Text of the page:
Whether you’re a stock market junkie or a novice, you may be interested in a “non-traditional’ IPO scheduled for late March or early April that has the potential to turn investment banking on its head. The long and on-going argument is whether the exorbitant underwriting fees associated with an IPO are equal to the value of the service provided. Both Snap and Blue Apron entered the public domain in 2017 with a strong prospectus and high hopes. The results of using the traditional IPO roadmap greatly disappointed investors with no adverse impact on, or accountability for, the companies who performed the due diligence and the roadshows.
Spotify, the undisputed front-runner of on-demand music streaming, obtained approval from the Securities and Exchange Commission (SEC) to move forward with a listing of its shares on the New York Stock Exchange (NYSE) using an unusual method known as a direct listing. The debut of the Swedish-born company’s stock has the potential to be the largest for a tech company in 2018. The route to be taken by Spotify owners to move into the public sector is nothing typical.
In the world of finance, there is a saying “Cash is King.” Companies in today’s market that are cash-rich can think outside of the box as there is no need to raise funds. They float the shares, and the market determines the price while eliminating the need to provide cash to stabilize the stock offering and no need for underwriters to link buyers and sellers. Another positive feature is the substantial savings of Equity-Capital-Market (ECM) fees charged by the bank for these traditional services.
Earlier this week, an article in The Wall Street Journal (WSJ) reported on the decline of ECMs:
“Banks working on Spotify’s unusual public share listing stand to collect a fraction of the fees underwriters typically charge in big IPOs, in a blow to the already beleaguered stock-selling business.
Spotify’s three advisers—Goldman Sachs Group Inc., Morgan Stanley, and Allen & Co.—are poised to share roughly $30 million in fees, though that could change depending on the size of the company when it debuts and the success of the deal, according to people familiar with the matter.
That is a sharp drop from the fees generated by Snap Inc., the last big technology company to go public in the U.S. When the messaging provider went public last year, its valuation was about the same as Spotify’s currently, but it paid banks a total of nearly $100 million. That was roughly 2.5% of what Snap raised, a typical fee for a marquee IPO, which is smaller than the overall average of as much as 7%.”
The direct listing is a way for Spotify to give existing investors the chance to cash out with no need to raise additional funds and there are no restrictions on when insiders can sell shares. New investors will be able to buy shares once current investors begin trading based on the suggested price range relayed to the market.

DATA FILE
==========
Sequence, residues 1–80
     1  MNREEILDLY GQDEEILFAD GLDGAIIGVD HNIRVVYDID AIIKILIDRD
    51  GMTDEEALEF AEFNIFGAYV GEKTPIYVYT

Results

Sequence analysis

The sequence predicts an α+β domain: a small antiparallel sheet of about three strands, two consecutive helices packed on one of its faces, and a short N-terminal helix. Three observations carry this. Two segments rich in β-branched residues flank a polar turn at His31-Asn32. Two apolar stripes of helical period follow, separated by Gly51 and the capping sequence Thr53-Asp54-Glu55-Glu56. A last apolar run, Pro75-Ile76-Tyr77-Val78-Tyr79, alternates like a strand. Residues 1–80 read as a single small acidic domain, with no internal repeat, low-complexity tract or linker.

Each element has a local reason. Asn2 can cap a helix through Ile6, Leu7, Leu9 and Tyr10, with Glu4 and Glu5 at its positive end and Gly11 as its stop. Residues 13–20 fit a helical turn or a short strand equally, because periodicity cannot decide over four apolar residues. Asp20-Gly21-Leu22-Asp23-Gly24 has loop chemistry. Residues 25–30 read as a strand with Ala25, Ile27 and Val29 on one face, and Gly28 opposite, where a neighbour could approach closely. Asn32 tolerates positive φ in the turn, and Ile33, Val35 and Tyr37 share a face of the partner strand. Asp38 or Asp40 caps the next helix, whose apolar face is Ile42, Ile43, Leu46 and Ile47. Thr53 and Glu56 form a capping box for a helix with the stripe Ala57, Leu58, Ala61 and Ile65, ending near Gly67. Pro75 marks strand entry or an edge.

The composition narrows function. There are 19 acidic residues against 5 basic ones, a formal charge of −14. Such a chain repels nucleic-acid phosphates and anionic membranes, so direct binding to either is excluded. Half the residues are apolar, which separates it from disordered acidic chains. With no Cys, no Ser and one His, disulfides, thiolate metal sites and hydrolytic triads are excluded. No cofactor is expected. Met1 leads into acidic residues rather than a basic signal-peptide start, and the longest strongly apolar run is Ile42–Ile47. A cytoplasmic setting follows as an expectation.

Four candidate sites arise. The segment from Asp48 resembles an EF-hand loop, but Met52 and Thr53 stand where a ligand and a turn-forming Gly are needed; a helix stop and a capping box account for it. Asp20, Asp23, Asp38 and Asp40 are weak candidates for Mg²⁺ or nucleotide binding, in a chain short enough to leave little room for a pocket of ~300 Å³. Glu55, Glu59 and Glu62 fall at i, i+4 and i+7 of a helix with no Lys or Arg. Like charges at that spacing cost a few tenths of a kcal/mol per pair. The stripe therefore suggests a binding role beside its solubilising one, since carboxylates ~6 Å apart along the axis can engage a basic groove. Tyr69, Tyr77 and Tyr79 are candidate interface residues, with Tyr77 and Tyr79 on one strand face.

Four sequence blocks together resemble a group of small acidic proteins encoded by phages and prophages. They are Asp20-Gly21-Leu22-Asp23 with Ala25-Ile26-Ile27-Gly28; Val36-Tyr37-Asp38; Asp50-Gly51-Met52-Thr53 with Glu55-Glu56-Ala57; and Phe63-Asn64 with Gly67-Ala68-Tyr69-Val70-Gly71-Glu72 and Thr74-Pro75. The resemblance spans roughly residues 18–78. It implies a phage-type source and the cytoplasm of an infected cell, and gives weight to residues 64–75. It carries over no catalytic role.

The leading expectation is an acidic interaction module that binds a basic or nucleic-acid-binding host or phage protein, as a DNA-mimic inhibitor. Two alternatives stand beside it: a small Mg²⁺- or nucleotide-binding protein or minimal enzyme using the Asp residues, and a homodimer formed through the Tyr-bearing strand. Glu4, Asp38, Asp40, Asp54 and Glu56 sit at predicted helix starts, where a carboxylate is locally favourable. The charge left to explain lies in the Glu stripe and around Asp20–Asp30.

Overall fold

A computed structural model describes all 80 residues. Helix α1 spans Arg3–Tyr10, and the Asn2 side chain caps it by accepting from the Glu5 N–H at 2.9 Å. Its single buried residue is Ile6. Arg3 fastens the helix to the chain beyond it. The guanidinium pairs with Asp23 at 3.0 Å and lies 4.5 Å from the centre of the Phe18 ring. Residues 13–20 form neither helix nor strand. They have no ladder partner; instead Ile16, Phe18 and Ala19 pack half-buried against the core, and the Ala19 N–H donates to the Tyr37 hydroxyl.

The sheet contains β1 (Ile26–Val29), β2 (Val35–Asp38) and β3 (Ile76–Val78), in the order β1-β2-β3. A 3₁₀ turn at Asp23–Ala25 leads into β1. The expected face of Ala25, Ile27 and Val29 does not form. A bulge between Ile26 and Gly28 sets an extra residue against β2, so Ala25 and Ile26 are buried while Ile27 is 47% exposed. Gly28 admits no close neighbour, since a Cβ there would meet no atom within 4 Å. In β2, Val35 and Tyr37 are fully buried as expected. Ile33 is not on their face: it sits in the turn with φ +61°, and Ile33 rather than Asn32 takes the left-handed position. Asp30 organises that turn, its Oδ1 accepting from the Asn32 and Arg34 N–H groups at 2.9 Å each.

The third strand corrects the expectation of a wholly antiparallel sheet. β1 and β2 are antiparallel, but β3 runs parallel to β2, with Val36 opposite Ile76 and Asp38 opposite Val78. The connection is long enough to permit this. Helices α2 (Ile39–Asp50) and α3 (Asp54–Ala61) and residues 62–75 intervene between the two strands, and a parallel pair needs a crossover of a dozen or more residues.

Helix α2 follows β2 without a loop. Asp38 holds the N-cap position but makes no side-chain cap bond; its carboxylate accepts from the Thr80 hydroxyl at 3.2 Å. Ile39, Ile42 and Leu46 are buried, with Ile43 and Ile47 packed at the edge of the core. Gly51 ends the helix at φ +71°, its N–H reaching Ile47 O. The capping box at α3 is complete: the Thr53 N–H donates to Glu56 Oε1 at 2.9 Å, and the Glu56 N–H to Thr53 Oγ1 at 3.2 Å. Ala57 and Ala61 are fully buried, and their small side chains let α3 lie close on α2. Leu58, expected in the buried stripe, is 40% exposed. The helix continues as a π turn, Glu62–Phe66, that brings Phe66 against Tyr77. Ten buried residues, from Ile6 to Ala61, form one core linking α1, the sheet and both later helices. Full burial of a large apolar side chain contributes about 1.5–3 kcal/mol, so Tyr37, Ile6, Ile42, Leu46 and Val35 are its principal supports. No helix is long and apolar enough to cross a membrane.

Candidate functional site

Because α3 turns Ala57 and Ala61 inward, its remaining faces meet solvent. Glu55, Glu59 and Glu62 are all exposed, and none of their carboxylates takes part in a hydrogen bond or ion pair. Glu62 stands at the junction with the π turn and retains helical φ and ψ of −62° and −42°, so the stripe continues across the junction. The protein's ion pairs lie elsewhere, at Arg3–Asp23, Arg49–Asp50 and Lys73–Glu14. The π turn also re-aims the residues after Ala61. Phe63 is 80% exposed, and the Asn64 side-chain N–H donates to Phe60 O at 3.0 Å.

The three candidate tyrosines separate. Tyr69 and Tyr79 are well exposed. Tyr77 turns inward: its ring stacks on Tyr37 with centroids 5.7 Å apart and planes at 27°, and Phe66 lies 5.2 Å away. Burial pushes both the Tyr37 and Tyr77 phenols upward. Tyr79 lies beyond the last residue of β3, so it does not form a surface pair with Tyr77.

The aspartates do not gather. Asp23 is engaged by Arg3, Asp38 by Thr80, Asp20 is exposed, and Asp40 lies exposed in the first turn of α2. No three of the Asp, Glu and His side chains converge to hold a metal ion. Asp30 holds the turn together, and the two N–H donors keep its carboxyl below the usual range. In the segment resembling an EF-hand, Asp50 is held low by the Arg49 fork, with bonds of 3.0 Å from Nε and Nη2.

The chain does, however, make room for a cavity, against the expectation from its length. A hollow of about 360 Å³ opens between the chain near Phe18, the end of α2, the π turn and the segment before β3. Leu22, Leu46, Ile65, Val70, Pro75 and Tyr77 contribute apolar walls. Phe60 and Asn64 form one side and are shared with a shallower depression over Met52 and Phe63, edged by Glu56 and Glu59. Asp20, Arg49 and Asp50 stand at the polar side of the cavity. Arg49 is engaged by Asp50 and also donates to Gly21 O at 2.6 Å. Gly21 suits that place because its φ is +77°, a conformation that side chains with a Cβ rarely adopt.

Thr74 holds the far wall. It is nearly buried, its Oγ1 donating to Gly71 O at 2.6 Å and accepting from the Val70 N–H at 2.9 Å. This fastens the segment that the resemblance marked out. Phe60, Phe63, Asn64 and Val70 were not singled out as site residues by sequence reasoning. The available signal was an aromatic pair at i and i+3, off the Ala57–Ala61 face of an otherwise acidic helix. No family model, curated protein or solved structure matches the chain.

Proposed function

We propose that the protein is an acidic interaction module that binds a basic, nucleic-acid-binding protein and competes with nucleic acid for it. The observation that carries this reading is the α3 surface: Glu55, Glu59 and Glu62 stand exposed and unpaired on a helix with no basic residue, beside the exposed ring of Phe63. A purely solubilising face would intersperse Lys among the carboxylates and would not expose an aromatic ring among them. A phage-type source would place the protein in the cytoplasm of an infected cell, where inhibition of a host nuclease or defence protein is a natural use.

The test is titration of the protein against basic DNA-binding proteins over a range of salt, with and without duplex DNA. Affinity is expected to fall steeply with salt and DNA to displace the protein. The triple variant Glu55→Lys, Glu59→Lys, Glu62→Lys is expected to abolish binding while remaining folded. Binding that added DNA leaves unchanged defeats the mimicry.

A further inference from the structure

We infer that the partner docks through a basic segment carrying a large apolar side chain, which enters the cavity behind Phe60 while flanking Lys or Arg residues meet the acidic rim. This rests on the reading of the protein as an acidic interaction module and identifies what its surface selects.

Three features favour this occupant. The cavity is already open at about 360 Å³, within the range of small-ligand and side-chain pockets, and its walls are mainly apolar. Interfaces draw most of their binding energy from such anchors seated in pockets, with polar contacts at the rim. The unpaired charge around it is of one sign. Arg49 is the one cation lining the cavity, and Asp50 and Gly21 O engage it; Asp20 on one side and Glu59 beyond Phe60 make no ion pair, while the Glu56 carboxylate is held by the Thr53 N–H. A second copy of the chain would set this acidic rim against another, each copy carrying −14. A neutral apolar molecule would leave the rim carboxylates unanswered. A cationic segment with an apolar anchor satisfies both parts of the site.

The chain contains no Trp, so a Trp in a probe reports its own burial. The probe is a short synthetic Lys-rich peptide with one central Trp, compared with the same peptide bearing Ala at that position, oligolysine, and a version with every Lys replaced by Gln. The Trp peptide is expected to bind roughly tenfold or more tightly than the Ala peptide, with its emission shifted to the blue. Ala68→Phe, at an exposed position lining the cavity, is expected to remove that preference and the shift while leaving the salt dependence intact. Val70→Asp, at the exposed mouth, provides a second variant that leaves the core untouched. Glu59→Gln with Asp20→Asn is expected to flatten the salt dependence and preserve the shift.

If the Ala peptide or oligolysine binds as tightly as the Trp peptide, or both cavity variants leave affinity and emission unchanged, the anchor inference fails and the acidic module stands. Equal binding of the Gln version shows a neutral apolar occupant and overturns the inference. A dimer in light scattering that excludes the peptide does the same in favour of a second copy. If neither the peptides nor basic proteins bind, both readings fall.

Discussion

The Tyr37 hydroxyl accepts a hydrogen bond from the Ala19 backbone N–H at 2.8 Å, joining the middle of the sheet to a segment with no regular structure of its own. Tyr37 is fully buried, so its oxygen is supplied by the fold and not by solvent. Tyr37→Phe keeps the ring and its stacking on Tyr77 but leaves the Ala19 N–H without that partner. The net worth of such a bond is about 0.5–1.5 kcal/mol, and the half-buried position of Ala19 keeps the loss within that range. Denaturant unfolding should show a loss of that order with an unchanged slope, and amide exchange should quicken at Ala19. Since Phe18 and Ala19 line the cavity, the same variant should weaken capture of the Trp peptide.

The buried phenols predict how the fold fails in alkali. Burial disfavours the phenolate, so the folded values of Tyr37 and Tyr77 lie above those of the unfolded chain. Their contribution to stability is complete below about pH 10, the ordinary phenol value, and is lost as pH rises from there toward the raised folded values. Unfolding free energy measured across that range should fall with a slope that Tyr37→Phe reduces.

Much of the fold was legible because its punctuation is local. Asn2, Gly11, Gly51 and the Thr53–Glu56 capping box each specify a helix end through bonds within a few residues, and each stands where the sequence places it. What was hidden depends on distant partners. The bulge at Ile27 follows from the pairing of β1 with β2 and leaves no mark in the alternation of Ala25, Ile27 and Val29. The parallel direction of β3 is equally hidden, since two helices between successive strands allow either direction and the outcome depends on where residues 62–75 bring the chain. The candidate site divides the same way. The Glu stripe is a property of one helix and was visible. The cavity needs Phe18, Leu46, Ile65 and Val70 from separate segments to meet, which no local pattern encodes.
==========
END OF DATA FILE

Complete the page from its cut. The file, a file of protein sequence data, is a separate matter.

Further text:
Spotify says it has more than 140 million users and 60 million paid subscriptions in 61 markets worldwide, and the company’s most recent valuation was nearly $20 billion, based on a recent share swap between Spotify and Chinese internet giant Tencent Holdings Ltd.
As with anything in the market, there are risks associated, especially when charting new or unfamiliar territory. Absent is the underwriting “safety net” which sets and props up the price if the stock flops. Companies also will no longer have a say in who buys or how much stock goes to a buyer. The model may also attract short-term investors, like hedge funds looking to flip for a fast profit, instead of the more desired steady, long-term mutual funds which usually buy up large segments of stock.
Depending on the degree of success, investment bankers may become concerned as they watch their portion of the pie dwindle. If the move proves lucrative, other start-up companies with strong cash positions on their balance sheets, like Airbnb Inc. and Uber Technologies Inc., may decide to follow suit.
In an interview with the WSJ, Michael Sobel, co-founder of Scenic Advisement, an investment bank serving private tech companies, he said: “If a company can raise the majority of its growth equity capital privately and float their shares in a broker-free offering, it would be scary for the underwriting business.” He added, “The IPO is the cornerstone of the banking business.”
The direct listing model isn’t a viable path for all companies going public, but it’s a good alternative for those who have strong cash positions and pioneer spirits. It does make one wonder what other “non-traditional” models for taking companies public may emerge in the future and whether decreasing the roles and profits of the big investment banks will turn out to be a boom or a bust.